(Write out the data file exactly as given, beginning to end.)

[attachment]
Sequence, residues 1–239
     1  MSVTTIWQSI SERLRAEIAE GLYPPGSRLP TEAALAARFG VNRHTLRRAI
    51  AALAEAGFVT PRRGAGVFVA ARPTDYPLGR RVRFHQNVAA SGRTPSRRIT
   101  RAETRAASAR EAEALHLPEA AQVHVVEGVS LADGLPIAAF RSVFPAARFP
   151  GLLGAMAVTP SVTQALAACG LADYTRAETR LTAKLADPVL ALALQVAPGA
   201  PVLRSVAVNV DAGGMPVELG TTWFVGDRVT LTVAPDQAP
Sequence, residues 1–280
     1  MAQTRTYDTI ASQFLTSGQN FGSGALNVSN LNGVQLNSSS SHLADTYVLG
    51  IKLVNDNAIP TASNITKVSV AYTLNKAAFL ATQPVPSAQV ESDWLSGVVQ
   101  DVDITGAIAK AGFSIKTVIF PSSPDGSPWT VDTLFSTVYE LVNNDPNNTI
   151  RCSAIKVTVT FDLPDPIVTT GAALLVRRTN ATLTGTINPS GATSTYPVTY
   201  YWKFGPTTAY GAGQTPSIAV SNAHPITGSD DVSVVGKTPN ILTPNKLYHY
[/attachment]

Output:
Sequence, residues 1–239
     1  MSVTTIWQSI SERLRAEIAE GLYPPGSRLP TEAALAARFG VNRHTLRRAI
    51  AALAEAGFVT PRRGAGVFVA ARPTDYPLGR RVRFHQNVAA SGRTPSRRIT
   101  RAETRAASAR EAEALHLPEA AQVHVVEGVS LADGLPIAAF RSVFPAARFP
   151  GLLGAMAVTP SVTQALAACG LADYTRAETR LTAKLADPVL ALALQVAPGA
   201  PVLRSVAVNV DAGGMPVELG TTWFVGDRVT LTVAPDQAP
Sequence, residues 1–280
     1  MAQTRTYDTI ASQFLTSGQN FGSGALNVSN LNGVQLNSSS SHLADTYVLG
    51  IKLVNDNAIP TASNITKVSV AYTLNKAAFL ATQPVPSAQV ESDWLSGVVQ
   101  DVDITGAIAK AGFSIKTVIF PSSPDGSPWT VDTLFSTVYE LVNNDPNNTI
   151  RCSAIKVTVT FDLPDPIVTT GAALLVRRTN ATLTGTINPS GATSTYPVTY
   201  YWKFGPTTAY GAGQTPSIAV SNAHPITGSD DVSVVGKTPN ILTPNKLYHY